Often Partisan

Pannu’s Consultancy Deal: Why it’s a Big Deal

The Birmingham Mail today led with a story with respect to an investigation into the consultancy agreement between Birmingham International Holdings and Asia Rays (Peter Pannu). It marked the culmination of a lot of hard work between themselves, the Blues Trust and this website.

So What’s New? Wasn’t This Reported by the Guardian?

The story written by David Conn went into detail about the announcement made to the Stock Exchange on Wednesday with respect to the consultancy agreement that was in place between BIH and Peter Pannu’s firm Asia Rays. However, the Guardian article was based only on what was in the public domain and doesn’t contain two key bits of information that was discovered in the joint BPM/BT/OP investigation.

These were namely:

  1. That the agreement made between BIH and Asia Rays was only agreed between Peter Pannu and Carson Yeung  – none of the other directors were aware of the agreement for over 2 years after it was made, and more importantly
  2. That since July 2011 the consultancy agreement was being paid by Birmingham City Football Club.

Furthermore, evidence has come to light in our investigation that one of the chief causes of the delay in release of the accounts – with the subsequent sanctions that caused to the club such as the transfer embargo – was the consultancy agreement and the questions surrounding it.

Hold On? Wasn’t Blues Already Paying Pannu a Massive Salary?

According to the year ending 2012 accounts, Peter Pannu picked up a salary of £687,611 from the club. This payment was on top of that – it was a consultancy agreement between BIH and ARL, and was his payment from them. However, as BIH didn’t have the money to pay for it BCFC paid the money and deducted it from what they owed BIH. From a profit/loss point of view, the club didn’t lose any money – everything they paid out was taken off the loan so it meant that in effect they were just losing debt.

However… debt has never been the issue at St Andrews – it’s always been about cashflow. It’s been widely reported since Carson’s arrest at the end of June 2011 that the club was suffering cashflow problems – some of it stemming from Carson’s asset freeze whilst other factors like the removal of the overdraft came into play. Had the consultancy agreement not been in place the likelihood would have been that BCFC wouldn’t have paid a penny back to BIH so in effect there was £65,000 a month going out the door for six months (nearly £400,000) that didn’t need to be – and even when it was reduced down to £33,000 per month, it means over £500,000 of cash extra has had to be paid out since January 2012. Think of the struggles the club has had in bringing in players this year – would nearly £1mil extra have made a difference?

We Knew Pannu Was Earning Lots of Money Though – So Why Does It Matter?

As I intimated in my piece yesterday, it’s not so much about the money. Chief executives at the top of businesses earn lots of cash – it’s the way things are. However, what is worrying is the way that BIH is being run – and by extension, how it affects BCFC. The information I have seen doesn’t point to a well-run business at all; if I was in the position of being an executive director of a publicly listed company I’d be worried about agreements such as this one being signed off without any notice to the board of directors because there are all kinds of potential implications – from a legal and accouting perspective.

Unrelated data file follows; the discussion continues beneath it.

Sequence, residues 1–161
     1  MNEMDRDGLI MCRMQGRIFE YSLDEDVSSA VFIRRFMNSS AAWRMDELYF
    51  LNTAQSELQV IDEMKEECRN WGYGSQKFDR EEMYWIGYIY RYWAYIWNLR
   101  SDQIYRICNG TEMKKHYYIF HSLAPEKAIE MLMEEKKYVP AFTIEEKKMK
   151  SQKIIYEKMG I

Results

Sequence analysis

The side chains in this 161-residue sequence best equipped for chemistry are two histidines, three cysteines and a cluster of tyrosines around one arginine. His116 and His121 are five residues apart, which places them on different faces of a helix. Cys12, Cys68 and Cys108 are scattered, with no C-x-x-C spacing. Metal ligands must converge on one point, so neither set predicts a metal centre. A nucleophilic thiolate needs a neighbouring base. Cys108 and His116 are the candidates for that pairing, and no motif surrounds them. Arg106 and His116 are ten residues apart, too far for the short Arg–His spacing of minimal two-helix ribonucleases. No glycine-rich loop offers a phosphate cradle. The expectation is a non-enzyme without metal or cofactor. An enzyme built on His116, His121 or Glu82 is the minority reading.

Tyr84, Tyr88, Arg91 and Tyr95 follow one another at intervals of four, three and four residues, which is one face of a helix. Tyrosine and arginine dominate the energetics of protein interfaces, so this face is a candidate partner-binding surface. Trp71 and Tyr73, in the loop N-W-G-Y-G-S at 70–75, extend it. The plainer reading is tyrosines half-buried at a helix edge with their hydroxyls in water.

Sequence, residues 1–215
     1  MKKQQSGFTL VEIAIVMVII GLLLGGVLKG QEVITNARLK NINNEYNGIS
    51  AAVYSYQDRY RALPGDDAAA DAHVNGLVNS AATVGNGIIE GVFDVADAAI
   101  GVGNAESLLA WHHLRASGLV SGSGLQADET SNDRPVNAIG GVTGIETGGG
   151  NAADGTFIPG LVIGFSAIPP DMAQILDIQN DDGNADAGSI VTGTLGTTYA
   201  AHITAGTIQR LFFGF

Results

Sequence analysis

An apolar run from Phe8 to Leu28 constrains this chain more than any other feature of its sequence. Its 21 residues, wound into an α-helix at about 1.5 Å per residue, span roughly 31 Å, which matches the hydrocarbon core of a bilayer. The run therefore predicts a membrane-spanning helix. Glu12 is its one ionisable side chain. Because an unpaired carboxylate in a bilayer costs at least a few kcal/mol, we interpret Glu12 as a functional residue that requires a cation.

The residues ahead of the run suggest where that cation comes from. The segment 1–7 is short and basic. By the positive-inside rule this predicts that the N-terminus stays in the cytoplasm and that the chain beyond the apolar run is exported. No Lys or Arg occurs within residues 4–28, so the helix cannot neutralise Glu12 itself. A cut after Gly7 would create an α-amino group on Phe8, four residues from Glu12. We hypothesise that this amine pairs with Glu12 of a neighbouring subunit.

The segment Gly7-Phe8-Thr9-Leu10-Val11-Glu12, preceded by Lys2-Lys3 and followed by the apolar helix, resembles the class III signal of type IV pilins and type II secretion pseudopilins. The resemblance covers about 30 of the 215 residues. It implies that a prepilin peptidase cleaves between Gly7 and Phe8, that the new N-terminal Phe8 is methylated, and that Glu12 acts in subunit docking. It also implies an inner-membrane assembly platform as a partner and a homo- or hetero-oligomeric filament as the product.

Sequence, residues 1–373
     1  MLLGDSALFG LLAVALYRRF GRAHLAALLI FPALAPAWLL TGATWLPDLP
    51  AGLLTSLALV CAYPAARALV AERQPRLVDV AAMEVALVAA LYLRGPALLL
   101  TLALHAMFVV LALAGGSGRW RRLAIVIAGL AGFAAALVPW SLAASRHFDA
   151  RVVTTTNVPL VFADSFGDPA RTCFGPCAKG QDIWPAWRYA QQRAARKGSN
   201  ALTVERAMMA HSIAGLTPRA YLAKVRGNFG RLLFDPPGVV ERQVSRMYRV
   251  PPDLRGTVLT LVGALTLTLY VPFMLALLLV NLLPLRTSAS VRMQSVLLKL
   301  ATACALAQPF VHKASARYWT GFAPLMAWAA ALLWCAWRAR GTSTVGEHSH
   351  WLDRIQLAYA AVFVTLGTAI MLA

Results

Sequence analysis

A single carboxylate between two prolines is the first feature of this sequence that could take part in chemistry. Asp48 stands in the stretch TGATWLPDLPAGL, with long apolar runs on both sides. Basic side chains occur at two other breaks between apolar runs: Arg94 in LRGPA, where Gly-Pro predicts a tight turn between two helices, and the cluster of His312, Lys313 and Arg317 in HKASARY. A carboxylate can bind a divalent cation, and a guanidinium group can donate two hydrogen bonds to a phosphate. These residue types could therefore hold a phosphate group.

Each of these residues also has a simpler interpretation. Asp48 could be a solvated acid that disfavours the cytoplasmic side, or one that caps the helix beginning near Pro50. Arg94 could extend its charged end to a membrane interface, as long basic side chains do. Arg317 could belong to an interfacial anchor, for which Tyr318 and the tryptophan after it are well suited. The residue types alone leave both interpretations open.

Furthermore, despite Mr Pannu’s protestations that he is trying to fix the mess at BIH it appears one of the chief issues that the auditors have had both here and in HK which delayed the accounts was this consultancy agreement and the implications it caused – which leads me to wonder if Mr Pannu is the solution at BIH or if he is the problem. Documentation I have seen from Hong Kong confirms that the auditors over there had lots of questions about the consultancy agreement which couldn’t be answered in a satisfactory manner and eventually led to them resigning their position.

What Implications Does This Have For Blues?

Well – this is the big question. I’m concerned that various regulatory bodies will also want to see this information and might have further questions for the club and for BIH. There is also the possibility that the shareholders in BIH will be concerned as to the management of the company and may turn that concern into action at the upcoming AGM where they could possibly deny re-election to the board of any of the directors – which of course would have implications on changing the way the company is run.

One of the key points I should make though is that this story isn’t really about Blues – it’s about the holding company in HK. There has been nothing to suggest that BCFC staff have acted in any improper manner or have done anything that they shouldn’t – the blame lies solely within the offices of Birmingham International Holdings. From all the evidence I’ve seen, there are a lot of issues to be resolved there internally – even if they are as they claim close to getting the shares relisted.

What is plain to me from all this is that there have been issues in the way that BIH has been run in the past and I hope those issues don’t come back to haunt the club.  There is a lot going on out in Hong Kong that we aren’t aware of and it’s my belief someone needs to go out there from here to find out about it.

Due to the nature of this story and the potential for libel it may cause comments have been turned off. Please do not comment about it elsewhere on this site as comments will be summarily deleted.

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